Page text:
Rod Estvan

  • In reply to Rodestvan:

    Rod, you say a lot of interesting things, but no, I don't recall your take on the Alter article. You seem like an exceedingly good person, don't let the world o' bloggin' go to your head.

  • here's the link to the alter story and the 49 comments that accompanied it:

    http://www.chicagonow.com/district-299-chicago-public-schools-blog/2012/03/meet-the-new-boss/#comments

  • Jump first-think later. That's a great description of the mayor. It also describes the central office crew. By making quick decisions they expand the problem. Then they have to make adjustments. There are no easy answers as they will learn. In case the mayor and others don't know there are experts in every area of the system. It's not the mayor and it's certainly not the new communications hires. We all have our time. Then we leave. Don't underestimate the low income voters or the teachers. Things always come back around.

  • In reply to sammy:

    "Don't underestimate the low income voters or the teachers. Things always come back around."

    Really? By the end of the decade CTU will be half the size it was in 1990. Apparently there are 11,000 fewer black teachers working today than in 1990. What kind of resurgence are you predicting?

    As fas as "jump first, think later", how many schools have actually changed significantly in the last year?

    There are two long overdue changes happening 1) Teachers effectively losing tenure and entering into a normal employer/employee relationship and 2) Implementation of a portfolio school plan.
    Both changes reduce job security. Both changes have wide public support.

  • In reply to Donn:

    Donn, you are right about all your observations. As an older worker who spent half his working life the corporate world, and then half again in teaching, it is a nightmarish time for anyone over fifty to even get his foot in the door for an interview in either environment. And this at an age in which we have the least amount of time to recover from this economic downturn. Good luck and God bless to all those who have been laid off through no fault of their own.

  • In reply to Donn:

    Donn have you seen polling data that indicates the citizens of Chicago support CTU teachers losing all seniority rights? I know Time did a national poll back in 2010 (see http://www.time.com/time/nation/article/0,8599,2016994,00.html) where the question was stated as this: "Do you support or oppose tenure for teachers, the practice of guaranteeing teachers lifetime job security after they have worked for a certain amount of time?"

    The response was 66% opposed tenure under the conditions stated. In a poll conducted in Tennessee that asked if people thought tenure makes it hard to get rid of bad teachers - 54% responded that they thought it did. On the other hand 29% thought "tenure protects good teachers from being fired without just cause." (see http://blogs.knoxnews.com/humphrey/2011/03/mtsu-polls-on-teacher-tenure-c.html)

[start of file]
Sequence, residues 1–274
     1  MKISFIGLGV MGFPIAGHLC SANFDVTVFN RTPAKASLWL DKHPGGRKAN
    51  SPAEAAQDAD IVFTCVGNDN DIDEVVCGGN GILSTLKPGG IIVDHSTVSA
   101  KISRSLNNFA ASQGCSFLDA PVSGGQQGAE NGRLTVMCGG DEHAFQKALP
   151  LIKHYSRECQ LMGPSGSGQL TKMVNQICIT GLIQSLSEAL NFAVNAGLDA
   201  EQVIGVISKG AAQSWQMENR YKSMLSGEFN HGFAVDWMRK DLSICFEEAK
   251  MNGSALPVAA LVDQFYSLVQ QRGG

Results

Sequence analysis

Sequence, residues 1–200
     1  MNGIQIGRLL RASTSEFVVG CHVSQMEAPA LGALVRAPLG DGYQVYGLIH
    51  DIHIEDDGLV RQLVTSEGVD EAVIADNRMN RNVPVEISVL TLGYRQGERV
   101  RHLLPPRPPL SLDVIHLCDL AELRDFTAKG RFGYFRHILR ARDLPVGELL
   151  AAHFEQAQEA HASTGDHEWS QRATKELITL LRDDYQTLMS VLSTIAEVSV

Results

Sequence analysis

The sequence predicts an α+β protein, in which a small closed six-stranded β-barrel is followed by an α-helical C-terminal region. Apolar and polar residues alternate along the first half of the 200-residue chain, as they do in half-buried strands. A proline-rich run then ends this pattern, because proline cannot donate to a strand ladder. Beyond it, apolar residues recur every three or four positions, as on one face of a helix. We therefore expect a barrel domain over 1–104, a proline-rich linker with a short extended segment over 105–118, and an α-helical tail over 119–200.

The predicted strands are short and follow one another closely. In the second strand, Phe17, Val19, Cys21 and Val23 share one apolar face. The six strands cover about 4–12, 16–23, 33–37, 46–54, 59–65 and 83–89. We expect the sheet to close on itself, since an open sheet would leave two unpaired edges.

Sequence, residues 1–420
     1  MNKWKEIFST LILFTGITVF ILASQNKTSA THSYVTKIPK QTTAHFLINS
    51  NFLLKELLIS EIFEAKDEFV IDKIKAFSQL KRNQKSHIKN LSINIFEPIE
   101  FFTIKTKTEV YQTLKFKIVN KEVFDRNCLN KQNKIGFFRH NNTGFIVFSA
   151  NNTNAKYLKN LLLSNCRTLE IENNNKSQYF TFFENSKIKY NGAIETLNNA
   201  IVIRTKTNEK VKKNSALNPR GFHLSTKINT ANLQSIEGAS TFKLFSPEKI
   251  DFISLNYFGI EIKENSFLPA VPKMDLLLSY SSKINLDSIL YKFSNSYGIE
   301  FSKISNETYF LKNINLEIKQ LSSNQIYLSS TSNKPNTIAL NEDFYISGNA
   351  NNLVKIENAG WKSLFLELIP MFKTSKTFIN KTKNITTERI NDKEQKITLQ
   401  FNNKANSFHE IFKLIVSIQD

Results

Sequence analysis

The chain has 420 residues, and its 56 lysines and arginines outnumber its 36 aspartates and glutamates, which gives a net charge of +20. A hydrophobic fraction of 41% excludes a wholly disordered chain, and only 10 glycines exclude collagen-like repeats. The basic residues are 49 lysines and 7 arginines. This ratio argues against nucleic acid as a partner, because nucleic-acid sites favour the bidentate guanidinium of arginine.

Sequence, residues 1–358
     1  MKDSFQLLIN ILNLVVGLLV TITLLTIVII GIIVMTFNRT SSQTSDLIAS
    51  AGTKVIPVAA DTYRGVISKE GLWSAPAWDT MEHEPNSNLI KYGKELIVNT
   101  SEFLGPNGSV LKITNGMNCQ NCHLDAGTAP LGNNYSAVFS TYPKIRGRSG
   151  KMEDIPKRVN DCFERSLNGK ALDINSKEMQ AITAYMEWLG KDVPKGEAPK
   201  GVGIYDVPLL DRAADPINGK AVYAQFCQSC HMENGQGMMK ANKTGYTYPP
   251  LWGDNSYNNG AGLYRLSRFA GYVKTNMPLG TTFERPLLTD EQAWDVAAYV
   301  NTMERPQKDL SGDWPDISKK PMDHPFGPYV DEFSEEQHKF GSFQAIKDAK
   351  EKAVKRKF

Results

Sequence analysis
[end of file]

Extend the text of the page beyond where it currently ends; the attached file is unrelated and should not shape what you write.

In yet another survey conducted by Harvard’s Program on Education Policy and Governance 47 percent opposed the idea of tenure, while 25 percent favored it (see http://educationnext.org/public-and-teachers-divided-in-their-support-for-merit-pay-teacher-tenure-race-to-the-top/).

    Patrick Murray founding director of the Monmouth University Polling Institute reframed the question this way "After working in a New Jersey public school for three years, a teacher is either given tenure or let go. A teacher who gets tenure after this trial period is basically given a permanent job unless they engage in serious misconduct.” In this NJ poll 42% approved of tenure compared to 26% to 28% in the polls that defined tenure as a “lifetime” appointment. (see http://monmouthpoll.blogspot.com/2011/09/informed-opinion-on-education-reform.html)

    So Donn it is less than clear to me that there is wide support for complete elimination of tenure. It depends more on how the concept of tenure is framed in the poll.

    Lastly please define what you mean by a protfolio school plan? I think I know but I want to make sure I do.

    Rod Estvan

  • In reply to Rodestvan:

    I don't know about a poll, but SB7 plus school change doesn't seem to leave much of what historically has been considered tenure. The almost unanimous vote on SB7 should be one indicator of public sentiment.

    Also consider the numbers of older teachers not working while principals hire new young teachers. Whatever labels are used, in practice job security has certainly been reduced.